they not present them simultaneously in order to strengthen the evidence of true detec-
The fact is, in the GW151226 event, the level of gravitational waves is lower than the
background noise (obtained after applying the whitening filter), making this detection
highly questionable.
However, after presenting the first event through the world’s media, the LIGO team
emerged from a “bleak” period (nearly two decades of activities without any results) to
a global celebration, even with the possibility receiving the Nobel Prize in 2016.
Hence, it seems that the LIGO team considered it important to show the second
event in mid-2016 in order to ensure its discovery, with two reported detections.
P. Y. Ulianov et al.
However, as presented in Section 6, to deal with the GW151226 event’s data, the
LIGO team changed some procedures. This leads to a change in the GW150914’s tem-
plate (from a real signal, to a complex signal), which also changes its “event time”,
shifting 18 ms. This change was not notified by the LIGO team, but can be spotted by
careful analysis of LIGO’s tutorial programs, as detailed in Section 6.
Section 7 presents the conclusion of this article, where it is clear that beyond the
theoretical questioning of LIGOs ability to actually detect gravitational waves, there is
data pointing to the fact that both of their detections are probably a false alarm.
2. Theoretical Evidence That LIGO Cannot
Detect Gravitational Waves
In this section we present only a summary of theoretical evidence that LIGO’s system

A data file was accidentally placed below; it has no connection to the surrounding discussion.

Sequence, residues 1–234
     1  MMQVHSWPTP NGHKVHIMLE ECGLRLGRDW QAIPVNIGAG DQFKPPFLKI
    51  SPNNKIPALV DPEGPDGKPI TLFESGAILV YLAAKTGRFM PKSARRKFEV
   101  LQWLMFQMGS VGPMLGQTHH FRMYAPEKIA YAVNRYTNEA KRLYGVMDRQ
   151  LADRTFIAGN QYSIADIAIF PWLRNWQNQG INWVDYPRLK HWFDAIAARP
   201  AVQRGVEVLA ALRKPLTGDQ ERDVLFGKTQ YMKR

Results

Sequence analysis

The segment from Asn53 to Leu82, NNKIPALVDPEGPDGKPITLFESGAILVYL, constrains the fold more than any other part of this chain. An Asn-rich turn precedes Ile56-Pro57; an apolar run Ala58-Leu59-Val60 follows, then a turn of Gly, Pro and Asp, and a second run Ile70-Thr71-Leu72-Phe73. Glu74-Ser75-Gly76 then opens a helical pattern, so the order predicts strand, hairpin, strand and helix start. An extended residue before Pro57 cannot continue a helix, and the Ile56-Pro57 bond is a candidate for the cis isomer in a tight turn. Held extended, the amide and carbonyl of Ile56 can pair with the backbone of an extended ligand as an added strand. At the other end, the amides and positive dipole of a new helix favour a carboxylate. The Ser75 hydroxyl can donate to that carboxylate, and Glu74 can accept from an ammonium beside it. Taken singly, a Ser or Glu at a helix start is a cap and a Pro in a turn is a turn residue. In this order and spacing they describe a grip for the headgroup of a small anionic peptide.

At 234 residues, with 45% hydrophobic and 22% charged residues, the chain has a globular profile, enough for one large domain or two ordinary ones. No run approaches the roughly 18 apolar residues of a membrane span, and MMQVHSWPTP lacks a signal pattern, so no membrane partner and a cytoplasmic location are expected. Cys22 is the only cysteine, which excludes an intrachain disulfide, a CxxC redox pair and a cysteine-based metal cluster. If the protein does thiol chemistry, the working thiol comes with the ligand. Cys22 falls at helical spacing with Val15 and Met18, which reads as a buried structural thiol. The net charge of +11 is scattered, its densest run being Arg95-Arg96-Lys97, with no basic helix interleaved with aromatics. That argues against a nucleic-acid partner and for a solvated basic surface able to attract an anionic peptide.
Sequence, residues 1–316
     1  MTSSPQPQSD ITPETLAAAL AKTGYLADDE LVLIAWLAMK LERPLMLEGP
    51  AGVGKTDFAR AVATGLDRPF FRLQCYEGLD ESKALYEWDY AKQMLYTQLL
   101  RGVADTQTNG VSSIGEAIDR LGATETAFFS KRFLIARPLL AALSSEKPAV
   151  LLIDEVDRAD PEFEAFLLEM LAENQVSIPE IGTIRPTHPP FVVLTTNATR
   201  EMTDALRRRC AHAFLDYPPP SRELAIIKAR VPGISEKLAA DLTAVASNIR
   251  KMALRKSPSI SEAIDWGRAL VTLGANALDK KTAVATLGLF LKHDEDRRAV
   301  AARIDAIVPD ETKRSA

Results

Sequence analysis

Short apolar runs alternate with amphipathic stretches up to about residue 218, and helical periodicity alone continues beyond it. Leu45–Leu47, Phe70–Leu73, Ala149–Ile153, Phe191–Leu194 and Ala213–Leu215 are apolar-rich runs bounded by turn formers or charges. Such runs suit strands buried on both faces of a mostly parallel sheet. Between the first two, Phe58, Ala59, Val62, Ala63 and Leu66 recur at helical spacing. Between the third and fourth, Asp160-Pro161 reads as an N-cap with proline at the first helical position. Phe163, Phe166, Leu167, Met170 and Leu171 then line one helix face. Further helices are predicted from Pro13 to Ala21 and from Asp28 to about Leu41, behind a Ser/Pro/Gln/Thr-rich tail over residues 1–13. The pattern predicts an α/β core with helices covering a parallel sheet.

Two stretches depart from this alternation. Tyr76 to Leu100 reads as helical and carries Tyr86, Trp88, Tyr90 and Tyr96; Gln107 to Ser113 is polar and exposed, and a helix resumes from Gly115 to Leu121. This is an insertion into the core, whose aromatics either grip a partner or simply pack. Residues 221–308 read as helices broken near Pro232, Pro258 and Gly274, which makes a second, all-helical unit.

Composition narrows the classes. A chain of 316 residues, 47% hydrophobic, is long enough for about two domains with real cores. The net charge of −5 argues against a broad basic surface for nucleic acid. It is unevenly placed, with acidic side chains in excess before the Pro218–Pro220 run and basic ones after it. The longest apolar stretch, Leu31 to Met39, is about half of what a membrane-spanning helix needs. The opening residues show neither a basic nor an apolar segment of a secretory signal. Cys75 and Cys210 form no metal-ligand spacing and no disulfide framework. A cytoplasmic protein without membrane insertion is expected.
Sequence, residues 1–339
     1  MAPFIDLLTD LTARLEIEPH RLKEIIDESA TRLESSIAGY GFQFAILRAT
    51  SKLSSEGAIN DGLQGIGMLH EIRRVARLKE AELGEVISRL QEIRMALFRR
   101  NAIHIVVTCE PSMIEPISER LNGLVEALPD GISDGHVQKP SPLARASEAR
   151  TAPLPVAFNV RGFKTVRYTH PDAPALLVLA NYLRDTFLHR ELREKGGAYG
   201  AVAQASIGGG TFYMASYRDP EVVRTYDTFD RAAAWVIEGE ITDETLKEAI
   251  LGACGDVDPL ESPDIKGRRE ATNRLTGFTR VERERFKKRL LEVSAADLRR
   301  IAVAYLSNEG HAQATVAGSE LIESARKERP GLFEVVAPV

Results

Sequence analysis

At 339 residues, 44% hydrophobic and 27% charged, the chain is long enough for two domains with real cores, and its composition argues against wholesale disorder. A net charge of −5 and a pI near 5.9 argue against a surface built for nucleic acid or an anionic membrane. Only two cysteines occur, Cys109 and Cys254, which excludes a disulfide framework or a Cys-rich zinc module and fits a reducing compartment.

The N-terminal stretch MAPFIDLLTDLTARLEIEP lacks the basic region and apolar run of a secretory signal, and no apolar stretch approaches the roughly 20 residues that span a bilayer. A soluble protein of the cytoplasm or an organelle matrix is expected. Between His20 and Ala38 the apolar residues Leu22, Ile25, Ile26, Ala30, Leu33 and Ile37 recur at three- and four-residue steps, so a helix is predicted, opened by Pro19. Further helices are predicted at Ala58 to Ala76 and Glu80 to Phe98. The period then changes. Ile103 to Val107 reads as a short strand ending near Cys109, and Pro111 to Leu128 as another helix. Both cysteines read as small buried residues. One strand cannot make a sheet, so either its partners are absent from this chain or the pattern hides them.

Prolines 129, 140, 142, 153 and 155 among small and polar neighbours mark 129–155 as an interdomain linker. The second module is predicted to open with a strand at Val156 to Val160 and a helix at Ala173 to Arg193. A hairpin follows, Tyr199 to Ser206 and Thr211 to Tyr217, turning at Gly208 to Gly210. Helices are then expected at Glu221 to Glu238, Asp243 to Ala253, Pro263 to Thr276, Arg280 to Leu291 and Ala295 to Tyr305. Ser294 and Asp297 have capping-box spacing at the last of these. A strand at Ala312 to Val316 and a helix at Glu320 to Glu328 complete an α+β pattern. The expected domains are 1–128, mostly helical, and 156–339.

cannot detect gravitational waves. More detailed information can be found in articles
[4] and [5].
Note that the authors of the articles believe that gravitational waves exist, and fully
agree with many theoretical works [6]-[8] that deal with this theme. The point here is
that LIGO’s system has some serious mistakes, possibly preventing this experiment
from detecting gravitational waves.
2.1 The Michelson Interferometer Cannot Be
Used to Detect Gravitational Waves
According to General Relativity, gravitational waves affect spatial distance, so it simul-
taneously affects wavelengths of light. Considering this fact, the phase differences of the
laser beams propagating inside the arms of Michelson’s interferometers, are invariable,
while gravitational waves pass through them. Therefore, it was impossible for LIGO to
detect gravitational waves by using Michelson’s interferometers.
It is important to observe that the LIGO team admits that gravitational waves can
change the wavelength of light, so in LIGO’s FAQ page [9], they present the following
If a gravitational wave stretches the distance between the LIGO mirrors
doesn't it
also stretch the wave
length of the laser light
The answer given by the LIGO team is:
A gravitational wave does stretch and squeeze the wavelength of the light in the
But the interference pattern doesn
t come about because of the difference be-
tween the length of the arm and the wavelength of the light
Instead it
s caused by the
different arrival time of the light wave
crests and troughs
from one arm with the ar-
rival time of the light that traveled in the other arm
To get how this works
it is also
important to know that gravitational waves do NOT change the speed of light
These authors consider the LIGO team’s answer to be very confusing, showing that
they are aware of the problem, but try to avoid it. As presented in [10] this kind of “
ferent arrival time of the light waves
” could only occur in the case of two independent